Throne of Games


    Quote Originally Posted by darksoft View Post
    Don't hide it, you are angry beacuse if a multiboot is made, you will not be the only one that can Play Progear

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  10. #10
    Choi's Barber
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    Quote Originally Posted by gum_drops View Post
    So is it a good idea to cap a board if its fully working with no signs of damage? I have a X-Men board that currently works fine but dont want it to go out on me.
    If it aint broke don't fix it.

    I can't tell you how many times I have fucked around with something that worked fine and regretted it afterwards.

    Quote Originally Posted by gum_drops
    He said he tested it in mono on a converted gauntlet cab and it worked fine. Which is odd considering the dipswitch was on stereo when I got it.
    I can smell the bullshit from here. File a dispute on paypal mate.

  11. #11
    Mr Neo Fix-it channelmaniac's Avatar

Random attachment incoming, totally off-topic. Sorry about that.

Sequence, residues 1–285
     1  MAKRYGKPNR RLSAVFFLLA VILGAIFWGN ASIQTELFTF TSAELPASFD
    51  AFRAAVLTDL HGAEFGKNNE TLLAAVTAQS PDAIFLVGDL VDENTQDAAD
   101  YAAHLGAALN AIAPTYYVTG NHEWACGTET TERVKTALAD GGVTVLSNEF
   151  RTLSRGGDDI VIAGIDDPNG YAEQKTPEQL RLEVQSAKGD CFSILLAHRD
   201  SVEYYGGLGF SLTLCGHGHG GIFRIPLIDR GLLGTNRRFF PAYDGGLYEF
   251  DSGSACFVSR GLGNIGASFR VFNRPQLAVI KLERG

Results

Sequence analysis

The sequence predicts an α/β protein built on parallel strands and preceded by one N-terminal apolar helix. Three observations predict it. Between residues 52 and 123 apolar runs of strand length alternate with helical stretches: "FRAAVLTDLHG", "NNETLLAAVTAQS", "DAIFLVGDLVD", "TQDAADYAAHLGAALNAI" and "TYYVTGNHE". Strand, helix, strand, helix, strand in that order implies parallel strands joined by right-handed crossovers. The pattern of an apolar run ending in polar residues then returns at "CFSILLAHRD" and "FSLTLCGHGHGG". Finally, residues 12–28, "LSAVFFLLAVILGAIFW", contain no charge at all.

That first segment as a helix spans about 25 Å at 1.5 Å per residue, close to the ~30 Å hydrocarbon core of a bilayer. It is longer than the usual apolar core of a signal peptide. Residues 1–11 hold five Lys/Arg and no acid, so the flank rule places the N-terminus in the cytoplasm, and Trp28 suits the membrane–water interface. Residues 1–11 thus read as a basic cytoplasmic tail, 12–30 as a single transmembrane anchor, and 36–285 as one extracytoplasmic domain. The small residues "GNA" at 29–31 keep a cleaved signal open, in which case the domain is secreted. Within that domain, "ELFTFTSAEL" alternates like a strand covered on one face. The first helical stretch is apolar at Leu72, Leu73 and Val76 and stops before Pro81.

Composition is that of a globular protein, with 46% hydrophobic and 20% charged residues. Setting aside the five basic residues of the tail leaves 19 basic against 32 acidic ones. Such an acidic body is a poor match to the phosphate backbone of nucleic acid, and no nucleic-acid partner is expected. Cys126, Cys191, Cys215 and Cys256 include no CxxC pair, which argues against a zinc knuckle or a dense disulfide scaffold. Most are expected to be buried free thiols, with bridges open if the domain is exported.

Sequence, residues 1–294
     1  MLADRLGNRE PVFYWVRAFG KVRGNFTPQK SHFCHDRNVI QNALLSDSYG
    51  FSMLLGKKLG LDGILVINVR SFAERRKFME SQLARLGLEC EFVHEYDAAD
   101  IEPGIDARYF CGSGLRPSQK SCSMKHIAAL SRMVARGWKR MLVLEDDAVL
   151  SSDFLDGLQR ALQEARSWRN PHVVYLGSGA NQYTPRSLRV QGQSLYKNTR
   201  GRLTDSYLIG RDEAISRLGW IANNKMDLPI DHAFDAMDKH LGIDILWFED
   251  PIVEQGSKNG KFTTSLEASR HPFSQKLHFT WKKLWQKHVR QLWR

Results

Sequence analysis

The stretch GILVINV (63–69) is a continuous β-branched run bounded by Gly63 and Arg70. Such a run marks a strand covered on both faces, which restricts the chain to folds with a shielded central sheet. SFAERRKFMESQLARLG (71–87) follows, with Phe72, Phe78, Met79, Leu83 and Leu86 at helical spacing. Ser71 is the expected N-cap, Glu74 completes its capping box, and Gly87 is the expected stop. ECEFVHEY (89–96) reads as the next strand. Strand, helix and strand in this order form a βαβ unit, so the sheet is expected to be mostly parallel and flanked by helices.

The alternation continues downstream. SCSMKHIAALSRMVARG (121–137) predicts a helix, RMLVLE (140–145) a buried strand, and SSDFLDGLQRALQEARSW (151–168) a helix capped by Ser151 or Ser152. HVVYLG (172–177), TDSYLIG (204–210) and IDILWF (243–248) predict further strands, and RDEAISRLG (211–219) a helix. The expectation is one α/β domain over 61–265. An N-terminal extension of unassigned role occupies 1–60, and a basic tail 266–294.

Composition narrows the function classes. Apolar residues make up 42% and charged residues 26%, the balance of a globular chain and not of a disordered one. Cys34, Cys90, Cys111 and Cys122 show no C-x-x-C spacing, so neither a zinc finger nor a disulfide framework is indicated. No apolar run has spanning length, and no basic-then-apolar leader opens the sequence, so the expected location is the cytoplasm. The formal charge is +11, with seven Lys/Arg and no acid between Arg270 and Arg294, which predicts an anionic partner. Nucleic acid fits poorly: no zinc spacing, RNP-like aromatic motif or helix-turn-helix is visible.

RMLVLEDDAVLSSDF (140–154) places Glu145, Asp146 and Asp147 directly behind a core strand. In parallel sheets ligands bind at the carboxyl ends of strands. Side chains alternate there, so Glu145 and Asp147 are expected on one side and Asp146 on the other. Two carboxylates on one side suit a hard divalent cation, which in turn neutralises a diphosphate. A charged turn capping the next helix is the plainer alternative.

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    Quote Originally Posted by mainman View Post
    You don't need to totally reverse engineer the chip, you just need a understanding of its layout. The chip has a fragile ceramic enclosure that has CUSTOM konami chips entombed inside so the true goal here is salvage. Basically all I need is a intact chip and access to a electron microscope to do a pin-out schematic. Hardest part is removing and measuring micro components such as caps and resistors. After I have the chip layout I would just need to harvest all the chips from the enclosure and etch out a pcb and install the konami components and insert finish product onto the main pcb and test
    Not quite.

    It's a ceramic hybrid module and has custom Konami ICs surface mount soldered to the bottom side.

    RJ
    Call me a cheap bastard... I learned to fix things to save money... even surface mount soldering...

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  12. #12
    Cheng's Errand Boy

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    So how about let's bump this thread and try to actually re-make this hybrid chip.. since I'm in the same boat having to desolder mine from my x-men board to replace the Lm4558 and AD1868R IC's... hopefully all the solder will be free before I pull it out (praying)

  13. #13
    JammaNationX
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    Quote Originally Posted by GTRetro87 View Post